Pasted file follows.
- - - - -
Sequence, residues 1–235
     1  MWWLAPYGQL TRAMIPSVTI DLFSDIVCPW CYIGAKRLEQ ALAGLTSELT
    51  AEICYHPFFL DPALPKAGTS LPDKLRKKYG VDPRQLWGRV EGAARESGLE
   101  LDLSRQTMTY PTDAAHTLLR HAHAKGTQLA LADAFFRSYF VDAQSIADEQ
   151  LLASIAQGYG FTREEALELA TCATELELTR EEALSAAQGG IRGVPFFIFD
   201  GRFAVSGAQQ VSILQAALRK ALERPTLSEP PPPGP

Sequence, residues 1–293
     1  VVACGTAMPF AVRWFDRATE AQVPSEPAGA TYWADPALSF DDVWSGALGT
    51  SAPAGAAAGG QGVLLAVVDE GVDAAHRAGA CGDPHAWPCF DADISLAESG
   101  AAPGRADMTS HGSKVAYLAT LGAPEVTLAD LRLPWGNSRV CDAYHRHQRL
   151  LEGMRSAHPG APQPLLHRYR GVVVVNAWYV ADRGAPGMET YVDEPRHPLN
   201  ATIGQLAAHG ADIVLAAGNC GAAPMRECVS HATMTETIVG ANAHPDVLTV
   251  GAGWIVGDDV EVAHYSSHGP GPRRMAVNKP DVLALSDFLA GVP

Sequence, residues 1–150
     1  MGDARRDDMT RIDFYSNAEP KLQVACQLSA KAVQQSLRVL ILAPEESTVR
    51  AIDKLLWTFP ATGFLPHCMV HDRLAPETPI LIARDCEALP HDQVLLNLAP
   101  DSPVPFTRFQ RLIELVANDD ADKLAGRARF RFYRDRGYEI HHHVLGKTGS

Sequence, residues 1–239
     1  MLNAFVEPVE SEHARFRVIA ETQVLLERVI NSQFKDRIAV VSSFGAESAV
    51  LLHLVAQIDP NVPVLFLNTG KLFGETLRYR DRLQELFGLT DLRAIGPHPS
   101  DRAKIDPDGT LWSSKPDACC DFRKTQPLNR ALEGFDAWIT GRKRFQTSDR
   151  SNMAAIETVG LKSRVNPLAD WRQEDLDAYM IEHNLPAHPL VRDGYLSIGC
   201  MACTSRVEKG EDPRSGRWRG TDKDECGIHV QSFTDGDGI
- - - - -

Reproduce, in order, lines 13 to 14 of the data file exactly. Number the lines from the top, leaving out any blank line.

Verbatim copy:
   251  GAGWIVGDDV EVAHYSSHGP GPRRMAVNKP DVLALSDFLA GVP

Sequence, residues 1–150